I’m already happy that my country has almost become the queen of the Caribbean by crushing it in all competitions. We will continue to work through our national women's program, which is creating women’s academies in the country to raise the level of women's football throughout the region, hoping that other sister countries will do the same. This in turn will make the Caribbean more competitive but also provide better opportunities to play, create progress and change the lives of all the young girls in the Caribbean who are lagging behind in terms of female emancipation. All countries in the region are making efforts to create specific academies for girls, following our example.
     
  • How would you encourage more women to become football players?
    First of all, by my enthusiasm; I am happy when I am on a field and I want many girls to enjoy this happiness and this particular joy I feel when I play on the field, but also when I meet friends and teammates. I am overjoyed when the team wins, when I score or I make an assist; this enjoyment has no equal, it fills our lives and we feel like we are in control of our destiny. The other joy is to be able to help my parents who come from poor backgrounds, and to be able to encourage other young people who grew up with me but did not have this chance. During the holidays I return to Haiti and I spend all my time as an educational coach working with the little girls of the academy where I came from. I coach my little team and I try, despite my limited experience, to motivate them and teach them technical and tactical tricks that help them improve. I hope to continue to coach them and pass on to them my joy of playing.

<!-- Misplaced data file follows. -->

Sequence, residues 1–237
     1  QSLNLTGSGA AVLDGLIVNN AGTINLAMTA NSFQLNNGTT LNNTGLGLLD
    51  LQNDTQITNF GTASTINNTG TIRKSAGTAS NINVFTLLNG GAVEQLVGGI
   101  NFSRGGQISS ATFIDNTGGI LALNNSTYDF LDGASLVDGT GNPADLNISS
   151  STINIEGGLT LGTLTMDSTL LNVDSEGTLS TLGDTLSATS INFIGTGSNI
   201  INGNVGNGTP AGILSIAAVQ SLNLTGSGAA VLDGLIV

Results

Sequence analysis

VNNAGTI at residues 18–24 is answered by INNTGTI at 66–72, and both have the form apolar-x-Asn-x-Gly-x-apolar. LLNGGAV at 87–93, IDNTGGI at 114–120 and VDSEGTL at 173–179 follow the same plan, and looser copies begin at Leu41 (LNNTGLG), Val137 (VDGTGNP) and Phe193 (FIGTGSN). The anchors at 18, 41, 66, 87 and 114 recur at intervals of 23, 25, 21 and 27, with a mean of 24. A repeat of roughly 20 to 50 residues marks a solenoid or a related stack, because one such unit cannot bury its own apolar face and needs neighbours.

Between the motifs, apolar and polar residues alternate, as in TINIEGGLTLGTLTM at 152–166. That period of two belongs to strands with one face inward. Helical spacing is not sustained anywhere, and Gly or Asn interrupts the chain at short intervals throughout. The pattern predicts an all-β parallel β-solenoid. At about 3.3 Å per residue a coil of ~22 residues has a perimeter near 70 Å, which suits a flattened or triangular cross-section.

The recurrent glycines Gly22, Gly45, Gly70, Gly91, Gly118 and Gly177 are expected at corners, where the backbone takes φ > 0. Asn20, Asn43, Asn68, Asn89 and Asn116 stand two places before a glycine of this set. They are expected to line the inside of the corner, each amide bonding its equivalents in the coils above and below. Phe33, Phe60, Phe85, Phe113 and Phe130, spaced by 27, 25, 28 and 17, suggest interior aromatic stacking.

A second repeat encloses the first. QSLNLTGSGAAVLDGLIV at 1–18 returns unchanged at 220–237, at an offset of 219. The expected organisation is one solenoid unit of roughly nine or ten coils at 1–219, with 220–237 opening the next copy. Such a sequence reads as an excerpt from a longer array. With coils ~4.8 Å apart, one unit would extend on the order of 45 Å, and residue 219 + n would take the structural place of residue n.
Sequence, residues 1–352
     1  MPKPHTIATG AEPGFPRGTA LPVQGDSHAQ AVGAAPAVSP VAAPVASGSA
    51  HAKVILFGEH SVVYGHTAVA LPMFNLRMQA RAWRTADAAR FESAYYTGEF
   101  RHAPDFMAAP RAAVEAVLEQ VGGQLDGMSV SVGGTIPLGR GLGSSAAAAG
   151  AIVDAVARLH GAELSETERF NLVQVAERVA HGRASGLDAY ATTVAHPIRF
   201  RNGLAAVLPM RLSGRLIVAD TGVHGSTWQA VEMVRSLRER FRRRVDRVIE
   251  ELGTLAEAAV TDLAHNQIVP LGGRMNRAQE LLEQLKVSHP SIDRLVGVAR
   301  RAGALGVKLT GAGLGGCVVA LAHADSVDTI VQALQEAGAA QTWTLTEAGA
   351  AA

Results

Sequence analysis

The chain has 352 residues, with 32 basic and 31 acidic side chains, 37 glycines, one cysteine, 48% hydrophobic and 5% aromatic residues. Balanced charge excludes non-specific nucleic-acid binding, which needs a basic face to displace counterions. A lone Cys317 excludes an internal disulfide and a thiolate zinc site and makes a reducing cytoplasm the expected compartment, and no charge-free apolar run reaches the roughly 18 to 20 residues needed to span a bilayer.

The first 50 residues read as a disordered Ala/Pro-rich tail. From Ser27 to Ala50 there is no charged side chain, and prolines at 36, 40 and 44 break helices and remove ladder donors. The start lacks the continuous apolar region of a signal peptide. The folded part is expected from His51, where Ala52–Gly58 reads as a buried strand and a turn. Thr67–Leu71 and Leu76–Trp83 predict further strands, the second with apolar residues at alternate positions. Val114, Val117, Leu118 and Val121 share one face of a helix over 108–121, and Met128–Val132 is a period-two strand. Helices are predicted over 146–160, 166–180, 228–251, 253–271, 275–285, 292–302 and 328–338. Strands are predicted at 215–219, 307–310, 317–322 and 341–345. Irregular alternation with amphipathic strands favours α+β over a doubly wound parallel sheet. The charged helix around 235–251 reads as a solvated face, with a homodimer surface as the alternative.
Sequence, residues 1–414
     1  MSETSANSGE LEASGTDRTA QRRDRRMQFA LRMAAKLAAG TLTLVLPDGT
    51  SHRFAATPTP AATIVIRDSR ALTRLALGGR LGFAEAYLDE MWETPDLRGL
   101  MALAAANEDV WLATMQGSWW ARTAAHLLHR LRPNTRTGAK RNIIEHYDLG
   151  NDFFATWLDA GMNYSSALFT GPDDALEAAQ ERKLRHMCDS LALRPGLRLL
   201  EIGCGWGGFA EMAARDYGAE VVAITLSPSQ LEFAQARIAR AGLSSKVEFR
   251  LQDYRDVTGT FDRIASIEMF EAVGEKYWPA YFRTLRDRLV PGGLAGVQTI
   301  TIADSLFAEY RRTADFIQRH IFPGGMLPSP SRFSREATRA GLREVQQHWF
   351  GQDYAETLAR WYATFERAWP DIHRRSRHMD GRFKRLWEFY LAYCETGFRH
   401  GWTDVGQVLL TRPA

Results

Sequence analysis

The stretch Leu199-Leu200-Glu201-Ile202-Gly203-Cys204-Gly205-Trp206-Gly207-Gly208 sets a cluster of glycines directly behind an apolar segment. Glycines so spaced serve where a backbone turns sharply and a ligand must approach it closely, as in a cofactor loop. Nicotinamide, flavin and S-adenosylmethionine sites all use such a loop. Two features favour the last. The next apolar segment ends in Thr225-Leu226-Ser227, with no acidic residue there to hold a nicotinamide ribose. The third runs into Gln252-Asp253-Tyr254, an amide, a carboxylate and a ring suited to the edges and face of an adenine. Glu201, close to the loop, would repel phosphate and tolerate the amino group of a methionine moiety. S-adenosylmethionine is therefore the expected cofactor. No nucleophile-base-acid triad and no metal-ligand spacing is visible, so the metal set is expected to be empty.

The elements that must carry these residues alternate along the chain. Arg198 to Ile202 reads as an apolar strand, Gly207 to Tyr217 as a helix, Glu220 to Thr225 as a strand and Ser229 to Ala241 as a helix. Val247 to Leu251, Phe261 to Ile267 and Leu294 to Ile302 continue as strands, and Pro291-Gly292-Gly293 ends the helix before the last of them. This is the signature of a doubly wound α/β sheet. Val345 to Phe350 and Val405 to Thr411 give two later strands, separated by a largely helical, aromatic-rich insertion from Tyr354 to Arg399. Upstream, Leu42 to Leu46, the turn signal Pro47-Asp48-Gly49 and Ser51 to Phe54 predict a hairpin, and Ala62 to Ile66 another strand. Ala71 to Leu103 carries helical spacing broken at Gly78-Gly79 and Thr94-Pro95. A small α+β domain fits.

• What was the most rewarding experience of your career?
    I've lived many great moments. The final against Canada in Concacaf’s Girls’ U-15 Championship for one. Despite the loss on penalties we were happy to stand up to a great country of women's football; in addition, I won the golden ball and the whole country celebrated for months inviting us everywhere. 

    There was that eight-day trial in Montpellier. For a while, I had doubted whether I would be able to go to France, but a famous player, the captain of the senior national team, Mr. Vorbe, intervened to help me.

    I also remember the equalizing goal against the USA in stoppage time on a knee interception and a pass from my friend Coventina.

    And then my three goals at the U-20 Women’s World Cup, including two against the German powerhouse. Wonderful memories. The almost crazy amount of support I get every day from Haitians, that make me want to give everything I have, for football and my country, hoping that by my example more young girls will be able to get out of the very difficult and poor environment of Haiti to find their way and have a better future. Women's football is a great reality in Haiti: our academy welcomes girls from 7-8 years old, and I confess that they are strong and they too will soon be like me and make people talk about them, if the problems that are eating away at our country give boys and girls a chance to continue to grow and progress.
     
  • What do you like about football?
    The beauty of the game; the passion that animates the fans; the madness that our sport exudes in people of all conditions when they attend a match. It is the only place where a small country like Haiti can stand in front of great powers a thousand times richer. For a girl it is still a way to cultivate our personal independence because on the field we decide what to do with the ball by ourselves; we develop our character and develop our sense of responsibility.